Originally published in quality newspapers the week of April 24, 2011
When they were younger, my kids used to beg for Pop Tarts. If our grocery cart got within two isles of the breakfast foods section their pupils would dilate, their arms would reach out, and they would begin their attempts at parental manipulation. It’s funny how I had to remind them several times a day to say “please” and “thank you” yet when lobbying for something they really wanted, they quickly transform into little masters of manners.
When “please” didn’t work, they resorted to the movie-tie in tactic, trying to convince me that pastries with a Disney Pixar character on the box were somehow even more delicious than the run-of-the-mill tart. Sometimes I gave in, most of the time I didn’t.
I can’t blame them. I love them too. Pop Tarts and I grew up together, both born in 1964. I spent many a Saturday morning watching cartoons while washing down two pastries with a cold glass of milk. My children and I are certainly not alone in our love of Pop Tarts. Over 2.7 million Facebook users are fans of the tasty squares.
My wife and I make it a parenting priority to help our kids make good food choices. We aren’t militant about it but we try to be sure most meals feature lean proteins, complex carbohydrates, and plenty of fruits and vegetables. Like most busy families, however, occasional carry-out pizzas, drive-through burgers, and Pop Tarts are seemingly unavoidable.
Every now and then, I attempt to make healthier, homemade versions of convenience-food favorites, like Pop Tarts. Making these foods at home allows me to control the ingredients that go into them and provides enough of a novelty factor, that they are almost always a hit with my boys. From a calorie perspective, my tarts are no better, I’m sure, than the grocery store version; but I feel better about using real sugar, real butter, and whole-wheat flour. There’s nothing in them that my kids can’t pronounce.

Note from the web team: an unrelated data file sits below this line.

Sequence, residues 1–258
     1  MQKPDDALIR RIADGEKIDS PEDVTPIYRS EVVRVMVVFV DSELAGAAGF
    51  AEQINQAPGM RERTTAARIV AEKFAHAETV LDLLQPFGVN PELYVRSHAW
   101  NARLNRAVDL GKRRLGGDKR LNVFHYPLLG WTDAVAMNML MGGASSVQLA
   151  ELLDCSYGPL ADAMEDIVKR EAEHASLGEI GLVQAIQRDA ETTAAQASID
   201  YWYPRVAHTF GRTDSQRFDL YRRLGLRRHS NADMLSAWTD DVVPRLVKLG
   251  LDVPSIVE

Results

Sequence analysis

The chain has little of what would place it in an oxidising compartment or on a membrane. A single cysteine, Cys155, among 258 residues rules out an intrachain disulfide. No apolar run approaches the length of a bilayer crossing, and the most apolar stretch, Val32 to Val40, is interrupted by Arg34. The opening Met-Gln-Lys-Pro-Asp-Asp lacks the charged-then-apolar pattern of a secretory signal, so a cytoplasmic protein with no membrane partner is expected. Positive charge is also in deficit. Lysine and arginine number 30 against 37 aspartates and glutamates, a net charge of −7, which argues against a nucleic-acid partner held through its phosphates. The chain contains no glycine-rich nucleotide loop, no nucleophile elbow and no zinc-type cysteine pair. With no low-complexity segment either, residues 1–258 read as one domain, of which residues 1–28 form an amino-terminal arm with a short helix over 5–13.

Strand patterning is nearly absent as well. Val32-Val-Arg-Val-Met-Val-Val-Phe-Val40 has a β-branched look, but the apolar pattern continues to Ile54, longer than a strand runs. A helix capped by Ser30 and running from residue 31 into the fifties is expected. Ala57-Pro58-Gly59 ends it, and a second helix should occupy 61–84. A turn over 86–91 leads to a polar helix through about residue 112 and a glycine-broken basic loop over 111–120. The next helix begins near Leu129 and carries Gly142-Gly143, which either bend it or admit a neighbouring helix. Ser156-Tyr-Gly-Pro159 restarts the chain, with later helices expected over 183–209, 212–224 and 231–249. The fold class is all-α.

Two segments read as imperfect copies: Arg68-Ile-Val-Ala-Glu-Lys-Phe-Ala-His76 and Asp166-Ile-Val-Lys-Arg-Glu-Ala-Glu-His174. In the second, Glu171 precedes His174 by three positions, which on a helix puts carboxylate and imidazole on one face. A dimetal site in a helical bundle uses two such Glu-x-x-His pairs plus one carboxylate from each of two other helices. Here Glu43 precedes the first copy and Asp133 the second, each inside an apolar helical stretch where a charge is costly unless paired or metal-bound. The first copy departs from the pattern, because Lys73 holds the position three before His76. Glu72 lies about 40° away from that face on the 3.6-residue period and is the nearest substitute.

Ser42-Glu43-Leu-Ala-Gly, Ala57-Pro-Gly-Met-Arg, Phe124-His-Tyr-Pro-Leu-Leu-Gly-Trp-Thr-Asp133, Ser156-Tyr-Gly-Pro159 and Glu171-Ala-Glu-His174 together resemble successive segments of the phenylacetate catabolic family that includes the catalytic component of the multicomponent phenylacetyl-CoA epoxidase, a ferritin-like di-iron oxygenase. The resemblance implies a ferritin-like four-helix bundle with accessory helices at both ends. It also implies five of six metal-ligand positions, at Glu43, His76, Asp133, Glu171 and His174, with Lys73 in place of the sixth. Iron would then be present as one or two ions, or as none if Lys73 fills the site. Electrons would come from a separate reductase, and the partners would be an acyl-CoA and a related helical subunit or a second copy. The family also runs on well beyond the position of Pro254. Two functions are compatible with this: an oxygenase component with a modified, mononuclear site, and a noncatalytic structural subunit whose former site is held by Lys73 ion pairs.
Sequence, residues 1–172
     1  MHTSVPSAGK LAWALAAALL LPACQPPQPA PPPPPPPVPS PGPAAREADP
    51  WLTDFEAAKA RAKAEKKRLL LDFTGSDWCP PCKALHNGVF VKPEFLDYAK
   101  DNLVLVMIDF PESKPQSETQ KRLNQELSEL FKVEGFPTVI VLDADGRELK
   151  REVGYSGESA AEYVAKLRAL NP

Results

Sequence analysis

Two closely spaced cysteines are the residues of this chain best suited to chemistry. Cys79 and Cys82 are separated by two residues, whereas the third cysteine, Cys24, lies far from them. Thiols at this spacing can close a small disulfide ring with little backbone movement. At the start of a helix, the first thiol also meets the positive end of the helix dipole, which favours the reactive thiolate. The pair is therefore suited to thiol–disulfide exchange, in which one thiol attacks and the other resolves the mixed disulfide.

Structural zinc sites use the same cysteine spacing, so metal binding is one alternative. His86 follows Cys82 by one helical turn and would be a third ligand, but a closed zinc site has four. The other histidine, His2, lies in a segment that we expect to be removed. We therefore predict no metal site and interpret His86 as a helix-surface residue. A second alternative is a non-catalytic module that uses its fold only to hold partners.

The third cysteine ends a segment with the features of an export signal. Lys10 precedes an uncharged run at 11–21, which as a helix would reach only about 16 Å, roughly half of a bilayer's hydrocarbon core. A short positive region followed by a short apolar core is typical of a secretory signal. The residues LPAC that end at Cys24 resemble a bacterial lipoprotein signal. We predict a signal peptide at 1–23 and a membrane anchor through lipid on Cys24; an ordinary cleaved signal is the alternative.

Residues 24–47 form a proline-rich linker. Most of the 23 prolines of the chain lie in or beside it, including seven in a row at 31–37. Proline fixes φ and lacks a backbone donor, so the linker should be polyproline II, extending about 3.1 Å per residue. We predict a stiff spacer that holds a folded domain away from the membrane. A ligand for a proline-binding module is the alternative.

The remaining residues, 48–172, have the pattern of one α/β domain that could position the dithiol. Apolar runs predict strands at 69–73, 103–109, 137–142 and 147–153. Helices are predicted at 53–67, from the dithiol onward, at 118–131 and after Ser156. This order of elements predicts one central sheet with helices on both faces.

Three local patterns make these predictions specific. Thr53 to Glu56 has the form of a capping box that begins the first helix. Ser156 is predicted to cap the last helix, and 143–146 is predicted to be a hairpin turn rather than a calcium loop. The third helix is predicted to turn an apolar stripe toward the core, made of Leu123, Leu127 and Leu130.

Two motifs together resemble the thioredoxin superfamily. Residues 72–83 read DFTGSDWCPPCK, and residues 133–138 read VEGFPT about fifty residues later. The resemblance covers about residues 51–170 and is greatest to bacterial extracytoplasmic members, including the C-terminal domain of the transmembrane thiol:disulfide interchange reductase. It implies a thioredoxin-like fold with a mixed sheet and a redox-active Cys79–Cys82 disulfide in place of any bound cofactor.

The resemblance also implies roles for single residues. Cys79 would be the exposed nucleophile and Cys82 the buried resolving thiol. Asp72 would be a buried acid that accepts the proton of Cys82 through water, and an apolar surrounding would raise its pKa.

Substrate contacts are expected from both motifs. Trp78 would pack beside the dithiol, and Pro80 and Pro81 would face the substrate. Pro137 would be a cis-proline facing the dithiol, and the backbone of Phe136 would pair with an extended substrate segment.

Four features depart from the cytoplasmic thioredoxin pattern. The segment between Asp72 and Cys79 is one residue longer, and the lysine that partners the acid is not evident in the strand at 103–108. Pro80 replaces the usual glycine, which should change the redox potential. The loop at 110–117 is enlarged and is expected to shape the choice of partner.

If you’ve got Pop Tart lovers in your house and an hour or so to spare, you might want to give this recipe a try and if there are kids around let them lend a hand.
- 3/4 cup unsalted butter
- 3/4 cup sugar
- 3 eggs
- 3 cups all-purpose flour
- 3/4 cup whole wheat flour
- 3 tablespoons baking powder
- 1/2 cup spreadable fruit (I used strawberry)
- 1 egg yolk, beaten with two tablespoons milk
- 1/2 cup powdered sugar
- 2 tablespoons milk
Preheat oven to 350 degrees. In a food processor combine the butter and sugar then add the eggs, one at a time. Sift together flours and baking powder and add to the butter and sugar, pulsing until a soft dough ball forms. Chill for one hour. Turn the dough onto a large floured surface and roll to the thickness of a pie crust, about an eighth of an inch.
Use a knife to cut out rectangles that are about 6” x 5”, roughly the size of two Pop Tarts side by side. Spread about a tablespoon of fruit over 1/2 of each rectangle, staying way from the edges. Fold dough over the preserves, push down at the edges, and trim up the edges with your knife. Place tarts on a greased cookie sheet and brush w/the egg yolk milk mixture. Bake for about 25 minutes or until just beginning to brown.
Combine the powdered sugar and milk to make a thin frosting, Use a pastry brush to apply to each pastry. While the frosting is wet, you may also want to top with sprinkles. This will make about 16 tarts. Wrap in foil and store in refrigerator for up to a week or in the freezer for up to four months. When ready to eat, toast like you would the store-bought kind. Frozen tarts may need a little extra time.